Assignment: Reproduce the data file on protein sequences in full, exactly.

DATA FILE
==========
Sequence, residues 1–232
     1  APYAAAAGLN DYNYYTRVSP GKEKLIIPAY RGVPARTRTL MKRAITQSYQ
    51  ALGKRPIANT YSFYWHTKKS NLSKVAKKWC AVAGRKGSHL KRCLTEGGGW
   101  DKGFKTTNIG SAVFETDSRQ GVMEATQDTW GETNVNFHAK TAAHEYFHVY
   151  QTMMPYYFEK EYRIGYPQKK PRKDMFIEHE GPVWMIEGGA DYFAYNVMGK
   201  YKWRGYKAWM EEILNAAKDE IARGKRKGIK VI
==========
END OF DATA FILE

Sequence, residues 1–232
     1  APYAAAAGLN DYNYYTRVSP GKEKLIIPAY RGVPARTRTL MKRAITQSYQ
    51  ALGKRPIANT YSFYWHTKKS NLSKVAKKWC AVAGRKGSHL KRCLTEGGGW
   101  DKGFKTTNIG SAVFETDSRQ GVMEATQDTW GETNVNFHAK TAAHEYFHVY
   151  QTMMPYYFEK EYRIGYPQKK PRKDMFIEHE GPVWMIEGGA DYFAYNVMGK
   201  YKWRGYKAWM EEILNAAKDE IARGKRKGIK VI